Above: Do Not Feed the Trolls. Credit: Sam Fentress/Asbestos.
State sanctioned disinformation or propaganda campaigns (so-called "information warfare") are often carried out by paid Internet trolls. ("In Internet slang, a troll is a person who sows discord on the Internet by starting quarrels or upsetting people, by posting inflammatory, extraneous, or off-topic messages in an online community--such as a newsgroup, forum, chat room, or blog--with the intent of provoking readers into an emotional response or of otherwise disrupting normal, on-topic discussion, often for the troll's amusement." WP: 27-3-2018) Such activities can never really be "traced" definitively and determined to be State propaganda in that a State-troll has mission or campaign instructions which may be only verbal. The troll in every other way is an ordinary person who has, as such, every right to their extreme views and their endless poisonous posts and Tweets, etc. At a news-conference in 2017, Russian President Putin was asked about the status of Internet trolls in Russia who seem to be organized in their continuous streams of anti-Western posts and comments. His reply was memorable: "Trolls are free people, like artists."
Putin's point is that anyone has the right to express their political views under freedom of speech--a cornerstone of Western liberal democracy. But I am more taken by the reference to artists. The actual contemporary artist today has been largely sidelined and rendered somehow irrelevant by the Internet (and the move to trophy collecting). But equally, the role of artist on the Internet is still unformed and unknown--the Internet is so far used by artists only for their feeble websites.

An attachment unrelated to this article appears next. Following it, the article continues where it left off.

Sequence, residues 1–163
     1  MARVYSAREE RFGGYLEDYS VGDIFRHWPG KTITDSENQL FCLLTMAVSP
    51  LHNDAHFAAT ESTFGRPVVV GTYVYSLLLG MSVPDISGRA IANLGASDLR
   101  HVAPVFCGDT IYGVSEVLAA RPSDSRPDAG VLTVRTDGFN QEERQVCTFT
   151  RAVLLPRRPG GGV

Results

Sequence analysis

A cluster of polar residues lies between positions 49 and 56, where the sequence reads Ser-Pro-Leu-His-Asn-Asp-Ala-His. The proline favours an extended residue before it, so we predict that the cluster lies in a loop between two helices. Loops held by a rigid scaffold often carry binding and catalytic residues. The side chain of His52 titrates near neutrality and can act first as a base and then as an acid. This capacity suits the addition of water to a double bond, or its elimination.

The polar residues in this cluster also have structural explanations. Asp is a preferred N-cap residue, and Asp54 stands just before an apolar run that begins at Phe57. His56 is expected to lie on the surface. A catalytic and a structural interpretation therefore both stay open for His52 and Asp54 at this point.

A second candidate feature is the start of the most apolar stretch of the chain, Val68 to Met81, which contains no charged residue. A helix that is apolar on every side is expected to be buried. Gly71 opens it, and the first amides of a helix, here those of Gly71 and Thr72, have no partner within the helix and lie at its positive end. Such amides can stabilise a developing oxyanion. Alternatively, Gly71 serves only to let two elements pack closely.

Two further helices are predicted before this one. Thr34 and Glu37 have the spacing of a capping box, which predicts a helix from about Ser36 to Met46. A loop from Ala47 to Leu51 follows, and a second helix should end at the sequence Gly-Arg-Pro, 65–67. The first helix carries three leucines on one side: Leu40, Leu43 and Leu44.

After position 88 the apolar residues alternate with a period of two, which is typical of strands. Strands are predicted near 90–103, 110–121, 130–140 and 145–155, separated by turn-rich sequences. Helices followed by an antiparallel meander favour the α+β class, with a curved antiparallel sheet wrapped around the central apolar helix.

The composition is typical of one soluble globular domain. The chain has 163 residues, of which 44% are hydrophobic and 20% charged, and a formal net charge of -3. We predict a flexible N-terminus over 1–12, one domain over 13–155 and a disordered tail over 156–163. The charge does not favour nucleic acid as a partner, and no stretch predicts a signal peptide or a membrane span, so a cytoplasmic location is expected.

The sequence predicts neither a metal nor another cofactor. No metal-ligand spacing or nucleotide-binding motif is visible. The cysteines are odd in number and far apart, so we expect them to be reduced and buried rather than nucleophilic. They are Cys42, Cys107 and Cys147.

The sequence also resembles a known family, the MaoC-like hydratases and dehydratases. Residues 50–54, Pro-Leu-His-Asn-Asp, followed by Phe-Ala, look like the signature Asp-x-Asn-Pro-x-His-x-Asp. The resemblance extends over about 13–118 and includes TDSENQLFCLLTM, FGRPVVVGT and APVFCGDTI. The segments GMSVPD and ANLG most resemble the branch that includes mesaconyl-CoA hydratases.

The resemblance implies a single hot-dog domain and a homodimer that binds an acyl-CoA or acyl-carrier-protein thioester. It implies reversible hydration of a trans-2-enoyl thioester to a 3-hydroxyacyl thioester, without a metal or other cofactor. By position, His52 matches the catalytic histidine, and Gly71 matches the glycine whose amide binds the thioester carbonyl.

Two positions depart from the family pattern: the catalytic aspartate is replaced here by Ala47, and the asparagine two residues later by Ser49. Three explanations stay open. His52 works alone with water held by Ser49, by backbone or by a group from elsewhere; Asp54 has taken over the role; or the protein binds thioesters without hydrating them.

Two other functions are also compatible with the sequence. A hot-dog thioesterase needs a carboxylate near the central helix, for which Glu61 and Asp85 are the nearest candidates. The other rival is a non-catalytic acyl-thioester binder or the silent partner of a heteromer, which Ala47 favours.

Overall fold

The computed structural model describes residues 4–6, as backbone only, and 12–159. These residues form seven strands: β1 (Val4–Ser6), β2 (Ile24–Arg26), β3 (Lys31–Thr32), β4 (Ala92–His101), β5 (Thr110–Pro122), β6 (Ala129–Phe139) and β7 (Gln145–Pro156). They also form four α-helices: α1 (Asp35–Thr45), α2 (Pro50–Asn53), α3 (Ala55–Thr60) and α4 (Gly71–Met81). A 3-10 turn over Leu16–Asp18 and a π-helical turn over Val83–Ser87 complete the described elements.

So, in this way, Putin is maybe more right then he knows: perhaps the Internet troll is indeed a form of truly contemporary artist--and by extension the hacker, the leaker, the data dumper. The artists of today are trolls, hackers, leakers and data-dumpers.
The coda here is the status of performance art, or live art--as some insist on calling it. In the present era, the problem for live art (and satire also, as Stewart Lee has noted) is that it has been utterly upstaged by reality. A press-conference or a speech by Trump, or Putin, or Kim Jong-un, for example (but not limited to these characters) can often appear as if a piece of absurdist-inspired performance art.
(28 March 2018)